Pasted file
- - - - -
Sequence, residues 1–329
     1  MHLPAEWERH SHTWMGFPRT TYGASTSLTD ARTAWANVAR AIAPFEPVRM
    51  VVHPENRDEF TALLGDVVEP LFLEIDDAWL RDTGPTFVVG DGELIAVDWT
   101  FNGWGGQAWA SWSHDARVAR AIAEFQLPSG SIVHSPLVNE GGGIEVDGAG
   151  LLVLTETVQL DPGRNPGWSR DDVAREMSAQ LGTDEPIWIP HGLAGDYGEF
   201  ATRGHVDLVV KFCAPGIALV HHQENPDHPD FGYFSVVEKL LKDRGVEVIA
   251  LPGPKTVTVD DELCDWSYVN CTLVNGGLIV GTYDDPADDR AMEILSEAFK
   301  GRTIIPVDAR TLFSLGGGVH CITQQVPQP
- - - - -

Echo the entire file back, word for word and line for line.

Sequence, residues 1–329
     1  MHLPAEWERH SHTWMGFPRT TYGASTSLTD ARTAWANVAR AIAPFEPVRM
    51  VVHPENRDEF TALLGDVVEP LFLEIDDAWL RDTGPTFVVG DGELIAVDWT
   101  FNGWGGQAWA SWSHDARVAR AIAEFQLPSG SIVHSPLVNE GGGIEVDGAG
   151  LLVLTETVQL DPGRNPGWSR DDVAREMSAQ LGTDEPIWIP HGLAGDYGEF
   201  ATRGHVDLVV KFCAPGIALV HHQENPDHPD FGYFSVVEKL LKDRGVEVIA
   251  LPGPKTVTVD DELCDWSYVN CTLVNGGLIV GTYDDPADDR AMEILSEAFK
   301  GRTIIPVDAR TLFSLGGGVH CITQQVPQP